Deflategate needs no further explanation.
But the tweet that sparked one of the biggest fiascos in United States professional sports history? Well, there’s still more to the story.
On Jan. 20, 2015, ESPN reporter Chris Mortensen tweeted, “NFL has found that 11 of the Patriots footballs used in Sunday’s AFC title game were under-inflated by 2 lbs each.” That information quickly was refuted by other reporters, and eventually was proven false in the infamous Wells Report, which stated that none of the Pats balls were more than 1.6 PSI below the legal threshold. But many people never scrubbed those numbers from their minds, and Mortensen didn’t delete the tweet until roughly six months later.
But Mortensen, who continues to battle throat cancer, has never explained his controversial Deflategate reporting at length — until now.
“The normal caution Chris Mortensen would’ve stopped and said, ‘What don’t I know about this story?’ But I went ahead with it,” Mortensen recently said on Peter King’s podcast. “I just decided to tweet, ‘Source says 11 of 12, two pounds under.’ … I’ve done journalism long enough to know the right questions needed to be asked on the Tuesday night in which that information was given to me. That would’ve been like, ‘OK, I’ve got some more interesting information. This is a developing story.’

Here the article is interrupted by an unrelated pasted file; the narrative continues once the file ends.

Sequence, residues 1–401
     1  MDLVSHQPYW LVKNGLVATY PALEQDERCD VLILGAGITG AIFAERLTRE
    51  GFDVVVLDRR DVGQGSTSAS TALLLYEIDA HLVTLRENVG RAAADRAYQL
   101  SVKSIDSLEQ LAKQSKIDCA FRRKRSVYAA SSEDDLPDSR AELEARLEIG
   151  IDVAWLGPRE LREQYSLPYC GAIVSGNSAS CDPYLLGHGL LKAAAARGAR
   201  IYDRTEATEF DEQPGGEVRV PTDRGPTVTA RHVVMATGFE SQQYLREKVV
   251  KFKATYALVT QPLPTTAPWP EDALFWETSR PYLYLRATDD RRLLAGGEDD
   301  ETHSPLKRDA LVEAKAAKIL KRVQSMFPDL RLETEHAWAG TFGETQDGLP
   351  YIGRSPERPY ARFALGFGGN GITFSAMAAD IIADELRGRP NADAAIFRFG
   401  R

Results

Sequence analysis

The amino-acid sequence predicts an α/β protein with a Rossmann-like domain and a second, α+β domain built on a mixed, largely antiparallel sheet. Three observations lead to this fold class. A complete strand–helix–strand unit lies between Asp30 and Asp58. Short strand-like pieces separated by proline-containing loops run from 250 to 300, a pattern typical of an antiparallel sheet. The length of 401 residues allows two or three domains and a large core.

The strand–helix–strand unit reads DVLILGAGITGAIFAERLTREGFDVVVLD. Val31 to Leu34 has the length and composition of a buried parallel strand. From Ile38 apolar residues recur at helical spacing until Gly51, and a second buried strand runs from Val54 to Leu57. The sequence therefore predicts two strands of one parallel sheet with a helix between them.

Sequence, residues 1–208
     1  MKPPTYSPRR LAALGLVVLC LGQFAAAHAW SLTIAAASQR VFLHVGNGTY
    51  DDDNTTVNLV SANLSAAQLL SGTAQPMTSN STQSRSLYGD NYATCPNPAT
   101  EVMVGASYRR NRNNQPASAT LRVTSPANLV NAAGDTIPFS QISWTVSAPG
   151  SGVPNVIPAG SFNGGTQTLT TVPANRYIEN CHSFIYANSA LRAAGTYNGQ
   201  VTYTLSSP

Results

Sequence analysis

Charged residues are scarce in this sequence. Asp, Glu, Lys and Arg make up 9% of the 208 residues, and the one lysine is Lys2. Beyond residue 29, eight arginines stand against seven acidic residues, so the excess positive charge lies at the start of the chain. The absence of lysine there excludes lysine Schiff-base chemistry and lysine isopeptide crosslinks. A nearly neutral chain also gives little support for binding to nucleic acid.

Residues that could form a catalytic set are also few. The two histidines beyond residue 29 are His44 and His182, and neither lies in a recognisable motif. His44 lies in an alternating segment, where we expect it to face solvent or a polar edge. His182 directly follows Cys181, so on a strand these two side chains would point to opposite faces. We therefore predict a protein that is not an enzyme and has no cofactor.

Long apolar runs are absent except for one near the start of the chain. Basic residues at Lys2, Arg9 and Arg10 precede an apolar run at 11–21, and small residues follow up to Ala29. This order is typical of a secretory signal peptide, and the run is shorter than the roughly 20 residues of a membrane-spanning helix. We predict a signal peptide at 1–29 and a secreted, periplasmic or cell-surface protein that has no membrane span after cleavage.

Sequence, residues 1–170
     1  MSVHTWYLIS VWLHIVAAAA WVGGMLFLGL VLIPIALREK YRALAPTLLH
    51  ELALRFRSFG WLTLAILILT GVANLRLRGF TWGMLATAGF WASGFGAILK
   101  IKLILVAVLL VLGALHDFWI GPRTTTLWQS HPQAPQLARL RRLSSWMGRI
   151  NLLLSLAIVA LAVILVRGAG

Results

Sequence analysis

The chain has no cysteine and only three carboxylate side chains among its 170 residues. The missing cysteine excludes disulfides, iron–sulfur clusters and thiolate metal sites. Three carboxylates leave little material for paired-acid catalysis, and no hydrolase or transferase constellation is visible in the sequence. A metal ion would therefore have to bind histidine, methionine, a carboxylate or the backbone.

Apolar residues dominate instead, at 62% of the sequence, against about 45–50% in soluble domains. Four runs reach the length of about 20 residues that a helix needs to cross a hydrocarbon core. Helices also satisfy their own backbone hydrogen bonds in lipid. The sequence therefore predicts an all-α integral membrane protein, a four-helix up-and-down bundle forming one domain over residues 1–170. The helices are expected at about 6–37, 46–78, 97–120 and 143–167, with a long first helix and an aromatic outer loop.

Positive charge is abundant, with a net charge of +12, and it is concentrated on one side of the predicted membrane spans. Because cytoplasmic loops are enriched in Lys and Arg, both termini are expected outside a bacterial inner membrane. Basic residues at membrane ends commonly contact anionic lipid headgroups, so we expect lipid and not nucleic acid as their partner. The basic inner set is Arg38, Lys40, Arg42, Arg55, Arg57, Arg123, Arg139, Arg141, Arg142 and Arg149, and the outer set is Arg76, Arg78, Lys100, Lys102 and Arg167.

“In the old days, who knows how many days it would’ve taken for me to write anything? It certainly hung out there and stuck out there.”
Better late than never, right?
Perhaps the most revealing of Mort’s interview with King is when he talks about his initial contact with those league sources. The 65-year-old said that one of his two sources gave him the incorrect PSI info, while the other told him to include the words “significantly under inflated,” terms he used in his story published Jan. 21, 2015 on ESPN.com.
Still, Mortensen maintains that the sensational (and inaccurate) nature of that information played no role in the eventual investigation into the Patriots’ alleged tampering with footballs.
“It did not ignite the Ted Wells investigation,” Mortensen told King. “I know there were owners behind the scenes. Because of the circumstances of the balls disappearing, and ‘this and this and this’ happened, they were going to do it based off what had happened certainly prior with all the criticism they got because of Spygate.”
Something tells us we’ll never really know what happened that fateful night at Gillette Stadium.
Thumbnail photo via Brian Spurlock/USA TODAY Sports Images
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